442 U.S. 397 (1979), 78-711, Southeastern Community College v. Davis
|Docket Nº:||No. 78-711|
|Citation:||442 U.S. 397, 99 S.Ct. 2361, 60 L.Ed.2d 980|
|Party Name:||Southeastern Community College v. Davis|
|Case Date:||June 11, 1979|
|Court:||United States Supreme Court|
Argued April 23, 1979
CERTIORARI TO THE UNITED STATES COURT OF APPEALS
FOR THE FOURTH CIRCUIT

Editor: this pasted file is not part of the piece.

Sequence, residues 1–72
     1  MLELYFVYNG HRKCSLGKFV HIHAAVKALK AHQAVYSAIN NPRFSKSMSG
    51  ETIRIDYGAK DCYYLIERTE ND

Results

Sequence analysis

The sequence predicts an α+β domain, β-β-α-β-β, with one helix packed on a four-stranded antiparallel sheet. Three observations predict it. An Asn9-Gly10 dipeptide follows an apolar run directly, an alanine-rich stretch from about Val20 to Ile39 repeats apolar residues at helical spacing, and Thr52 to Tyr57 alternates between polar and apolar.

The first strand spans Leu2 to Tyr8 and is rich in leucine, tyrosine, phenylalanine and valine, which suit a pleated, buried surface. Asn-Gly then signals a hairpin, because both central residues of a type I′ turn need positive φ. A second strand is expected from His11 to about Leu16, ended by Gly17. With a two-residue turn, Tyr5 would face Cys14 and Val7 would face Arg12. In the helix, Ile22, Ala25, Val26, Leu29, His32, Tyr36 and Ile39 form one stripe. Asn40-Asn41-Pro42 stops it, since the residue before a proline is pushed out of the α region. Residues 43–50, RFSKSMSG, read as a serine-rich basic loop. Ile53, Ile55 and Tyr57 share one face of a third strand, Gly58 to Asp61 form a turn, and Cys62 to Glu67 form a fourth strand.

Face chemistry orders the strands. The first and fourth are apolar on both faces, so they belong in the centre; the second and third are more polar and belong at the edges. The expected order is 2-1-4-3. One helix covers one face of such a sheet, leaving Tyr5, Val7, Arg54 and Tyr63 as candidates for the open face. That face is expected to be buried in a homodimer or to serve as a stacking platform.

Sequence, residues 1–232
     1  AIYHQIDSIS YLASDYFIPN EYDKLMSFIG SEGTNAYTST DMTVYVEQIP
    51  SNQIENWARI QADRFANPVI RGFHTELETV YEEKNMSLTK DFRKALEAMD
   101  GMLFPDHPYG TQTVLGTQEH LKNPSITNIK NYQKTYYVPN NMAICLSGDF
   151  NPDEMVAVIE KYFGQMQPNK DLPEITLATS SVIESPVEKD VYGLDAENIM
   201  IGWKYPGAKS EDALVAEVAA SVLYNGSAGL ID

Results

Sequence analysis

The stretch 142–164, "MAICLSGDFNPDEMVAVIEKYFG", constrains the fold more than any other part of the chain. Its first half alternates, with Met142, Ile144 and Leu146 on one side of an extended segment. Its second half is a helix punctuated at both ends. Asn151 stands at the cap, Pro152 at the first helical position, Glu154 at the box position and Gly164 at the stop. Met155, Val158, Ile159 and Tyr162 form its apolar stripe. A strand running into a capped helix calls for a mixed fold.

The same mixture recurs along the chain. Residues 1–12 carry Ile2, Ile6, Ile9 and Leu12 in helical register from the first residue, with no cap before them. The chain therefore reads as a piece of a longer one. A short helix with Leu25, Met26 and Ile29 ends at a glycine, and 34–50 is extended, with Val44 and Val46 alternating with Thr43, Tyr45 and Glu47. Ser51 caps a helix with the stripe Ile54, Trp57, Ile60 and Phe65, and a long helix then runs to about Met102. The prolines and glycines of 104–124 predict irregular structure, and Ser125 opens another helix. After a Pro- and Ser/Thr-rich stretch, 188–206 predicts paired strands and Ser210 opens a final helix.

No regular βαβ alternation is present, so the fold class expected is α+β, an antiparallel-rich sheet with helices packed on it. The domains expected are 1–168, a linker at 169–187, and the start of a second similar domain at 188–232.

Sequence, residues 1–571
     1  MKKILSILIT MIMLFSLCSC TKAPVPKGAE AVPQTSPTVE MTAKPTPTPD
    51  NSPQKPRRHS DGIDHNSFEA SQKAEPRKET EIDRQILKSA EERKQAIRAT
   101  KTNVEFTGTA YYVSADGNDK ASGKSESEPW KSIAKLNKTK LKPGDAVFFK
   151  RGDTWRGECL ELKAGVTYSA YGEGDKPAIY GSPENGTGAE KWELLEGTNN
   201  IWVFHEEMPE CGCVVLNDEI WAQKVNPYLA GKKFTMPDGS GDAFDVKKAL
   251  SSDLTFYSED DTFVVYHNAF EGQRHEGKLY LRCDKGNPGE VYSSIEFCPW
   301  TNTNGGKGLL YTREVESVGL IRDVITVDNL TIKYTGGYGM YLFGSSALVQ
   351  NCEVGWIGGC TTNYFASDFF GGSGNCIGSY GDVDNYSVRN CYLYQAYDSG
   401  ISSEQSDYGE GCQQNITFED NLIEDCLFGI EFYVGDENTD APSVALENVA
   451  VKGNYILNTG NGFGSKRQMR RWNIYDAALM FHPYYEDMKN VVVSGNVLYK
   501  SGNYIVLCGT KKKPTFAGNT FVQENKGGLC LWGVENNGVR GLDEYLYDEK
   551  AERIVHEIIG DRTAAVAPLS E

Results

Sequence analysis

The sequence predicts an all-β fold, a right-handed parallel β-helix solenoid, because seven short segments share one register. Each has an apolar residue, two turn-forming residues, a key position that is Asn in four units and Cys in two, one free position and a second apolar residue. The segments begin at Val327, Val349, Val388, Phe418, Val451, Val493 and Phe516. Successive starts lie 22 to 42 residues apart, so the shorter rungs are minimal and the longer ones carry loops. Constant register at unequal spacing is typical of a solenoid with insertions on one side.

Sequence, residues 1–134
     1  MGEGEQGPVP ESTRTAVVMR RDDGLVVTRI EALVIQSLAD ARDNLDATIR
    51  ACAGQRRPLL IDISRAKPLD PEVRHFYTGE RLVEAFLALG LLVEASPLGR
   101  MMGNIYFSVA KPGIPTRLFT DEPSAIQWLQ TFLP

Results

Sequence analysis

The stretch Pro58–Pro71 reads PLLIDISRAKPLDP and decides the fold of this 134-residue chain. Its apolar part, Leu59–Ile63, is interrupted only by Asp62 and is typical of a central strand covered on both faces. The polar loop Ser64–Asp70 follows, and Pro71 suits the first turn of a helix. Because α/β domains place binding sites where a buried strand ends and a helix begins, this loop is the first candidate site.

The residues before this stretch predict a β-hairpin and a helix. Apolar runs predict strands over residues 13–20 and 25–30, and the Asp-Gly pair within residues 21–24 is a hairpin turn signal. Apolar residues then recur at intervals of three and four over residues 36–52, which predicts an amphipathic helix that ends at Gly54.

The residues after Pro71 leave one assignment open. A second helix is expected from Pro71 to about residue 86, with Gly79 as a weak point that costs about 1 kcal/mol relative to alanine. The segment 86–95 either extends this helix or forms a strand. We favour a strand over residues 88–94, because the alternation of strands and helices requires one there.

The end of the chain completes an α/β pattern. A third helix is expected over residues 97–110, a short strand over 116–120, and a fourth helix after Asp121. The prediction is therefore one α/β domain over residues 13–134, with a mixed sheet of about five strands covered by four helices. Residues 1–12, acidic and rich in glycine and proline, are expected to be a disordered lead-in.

Respondent, who suffers from a serious hearing disability and who seeks to be trained as a registered nurse, was denied [99 S.Ct. 2363] admission to the nursing program of petitioner Southeastern Community College, a state institution that receives federal funds. An audiologist's report indicated that, even with a hearing aid, respondent cannot understand speech directed to her except through lip-reading, and petitioner rejected respondent's application for admission because it believed her hearing disability made it impossible for her to participate safely in the normal clinical training program or to care safely for patients. Respondent then filed suit against petitioner in Federal District Court, alleging, inter alia, a violation of § 504 of the Rehabilitation Act of 1973, which prohibits discrimination against an "otherwise qualified handicapped individual" in federally funded programs "solely by reason of his handicap." The District Court entered judgment in favor of petitioner, confirming the audiologist's findings and concluding that respondent's handicap prevented her from safely performing in both her training program and her proposed profession. On this basis, the court held that respondent was not an "otherwise qualified handicapped individual" protected by § 504, and that the decision to exclude her was not discriminatory within the meaning of § 504. Although not disputing the District Court's factfindings, the Court of Appeals reversed, holding that, in light of intervening regulations of the Department of Health, Education, and Welfare (HEW), § 504 required petitioner to reconsider respondent's application for admission without regard to her hearing ability, and that, in determining whether respondent was "otherwise qualified," petitioner must confine its inquiry to her "academic and technical qualifications." The Court of Appeals also suggested that § 504 required "affirmative conduct" by petitioner to modify its program to accommodate the disabilities of applicants.